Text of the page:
Friday, 16 September 2011

My Art Journals Change with What I Need at the Time

Continuing on with my previous post about how your art journal can have multiple lives, I will carry on with the history of my art journals.

My first official art journal (I did have a previous kind-of art journal, more of a scrapbook of images that I liked - but as I hadn't heard of art journals, I didn't call it an art journal and so I am not counting it) was pretty much trying out the art journal stuff that was on the internet at the time. I think it was a pretty good way to start, as I didn't know what I liked to do or why I was doing it. But I do think it is interesting that I am not overly fond of this first art journal. I look at the pages and often remember the instructions I followed. Maybe this is partly why it doesn't feel intrinsically 'mine'.
My second art journal is the first one that I love. I went much bigger, from an A5 moleskine to an A4 Daler Rowney sketchbook (8" x 6" to 12" x 8"). I knew more where I wanted to go then too. This is what I wrote in my first page:
"I want to do more writing in this art journal, pages of it. And I want to write directly into it. I want it to be more RAW than my previous art journal. Messier, more spontaneous. Sloppier pages, some of them anyway. More of a work journal..."
And it was rawer, messier, less deliberate, unplanned - I rarely followed anyone's ideas for pages or prompts. I drew more. I still occasionally tried a technique that appealed to me, but often I just worked spontaneously. I think during that time I did take a few internet classes. One on making backgrounds, the teacher also gave prompts which I seldom followed. Another on stenciling - that was more exciting. But while I enjoyed stencils for a while, I lost interest as I couldn't spray or paint stencils at my computer desk.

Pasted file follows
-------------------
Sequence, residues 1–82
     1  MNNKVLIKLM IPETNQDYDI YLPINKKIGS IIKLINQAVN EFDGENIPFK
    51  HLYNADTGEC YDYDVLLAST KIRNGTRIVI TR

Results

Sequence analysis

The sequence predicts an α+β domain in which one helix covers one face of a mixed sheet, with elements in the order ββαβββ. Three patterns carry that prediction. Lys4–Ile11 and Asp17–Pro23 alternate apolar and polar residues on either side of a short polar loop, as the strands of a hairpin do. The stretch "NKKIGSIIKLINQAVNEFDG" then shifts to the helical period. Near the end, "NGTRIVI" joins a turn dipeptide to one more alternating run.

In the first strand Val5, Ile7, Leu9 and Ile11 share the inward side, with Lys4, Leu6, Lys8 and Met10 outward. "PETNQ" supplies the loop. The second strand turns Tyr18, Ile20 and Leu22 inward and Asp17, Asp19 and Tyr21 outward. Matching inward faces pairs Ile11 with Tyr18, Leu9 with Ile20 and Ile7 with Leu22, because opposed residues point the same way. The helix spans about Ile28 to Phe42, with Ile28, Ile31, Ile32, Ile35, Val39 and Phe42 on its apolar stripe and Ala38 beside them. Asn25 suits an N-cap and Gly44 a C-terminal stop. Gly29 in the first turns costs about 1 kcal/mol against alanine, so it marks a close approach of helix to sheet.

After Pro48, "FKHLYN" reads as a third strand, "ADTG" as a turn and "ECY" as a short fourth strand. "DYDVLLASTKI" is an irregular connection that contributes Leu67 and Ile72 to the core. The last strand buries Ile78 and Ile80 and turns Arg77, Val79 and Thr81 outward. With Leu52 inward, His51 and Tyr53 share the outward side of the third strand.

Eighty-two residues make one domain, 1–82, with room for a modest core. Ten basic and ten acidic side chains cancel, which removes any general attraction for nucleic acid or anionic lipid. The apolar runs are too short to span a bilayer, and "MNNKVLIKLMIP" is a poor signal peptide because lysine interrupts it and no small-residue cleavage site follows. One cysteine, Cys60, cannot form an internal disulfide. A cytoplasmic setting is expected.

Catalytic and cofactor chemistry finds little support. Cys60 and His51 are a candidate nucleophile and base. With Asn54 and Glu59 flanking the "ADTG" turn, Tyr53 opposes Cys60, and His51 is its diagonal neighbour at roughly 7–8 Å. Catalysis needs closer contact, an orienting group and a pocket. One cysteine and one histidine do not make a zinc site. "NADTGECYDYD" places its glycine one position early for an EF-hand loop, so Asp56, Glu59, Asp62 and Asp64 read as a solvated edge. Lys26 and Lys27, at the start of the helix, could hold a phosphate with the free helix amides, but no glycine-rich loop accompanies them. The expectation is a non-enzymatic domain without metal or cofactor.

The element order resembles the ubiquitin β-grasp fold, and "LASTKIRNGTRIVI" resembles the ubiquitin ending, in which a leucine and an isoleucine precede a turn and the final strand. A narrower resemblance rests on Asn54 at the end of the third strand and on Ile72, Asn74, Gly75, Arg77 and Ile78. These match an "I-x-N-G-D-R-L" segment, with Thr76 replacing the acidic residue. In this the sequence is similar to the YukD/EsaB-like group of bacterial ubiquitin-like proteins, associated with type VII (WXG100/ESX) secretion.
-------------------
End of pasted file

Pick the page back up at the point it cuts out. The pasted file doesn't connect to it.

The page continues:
This art journal has some of my favourite pages in it. It also has some of the most awkward and homely pages.
This art journal is the only one where I decorated the cover.


Kel said...

it's interesting that you don't feel ownership of the journal in which someone else provided the prompts, technique ideas etc

there's a few online art tutors who have quite a following, sad thing is, everyone's work ends up looking the same
they all turn themselves inside out trying to create "pretty pages" that look like the tutor's style

what attracted me to your blog in the first place was your willingness to be unique, to 'speak' in your own visual language and not try to emulate somebody else

Seth said...

Fascinating to see how your journals progressed and the pages themselves are sensational.

susan christensen said...

I am enjoying this series about your journals, Zom. Thank you for sharing these beautiful pages. -sus

lilasvb said...

very nice to learn more abput your process

Zom said...

Kel, I think that what is important to me when I teach art journaling is that people find their own voice. Teaching is probably the wrong word, more like leading into the jungle of the self. And of course each 'self' is different.

Thanks Seth

Hi Susan and Valery, so glad you guys are liking it.

Kel said...

in the visual journalling workshops I have taught, my priority is that students find their own 'visual language' and use that towards making meaning - sometimes they resist at first because it's not what they expected - but when the light goes on for them, it's such a joy to have been part of helping someone on their journey of self-discovery

your students are lucky to have you as their teacher

lynne h said...

zom, zom, i love what you do... xoxo

Odd Chick said...

You have the best art journals EVER!!!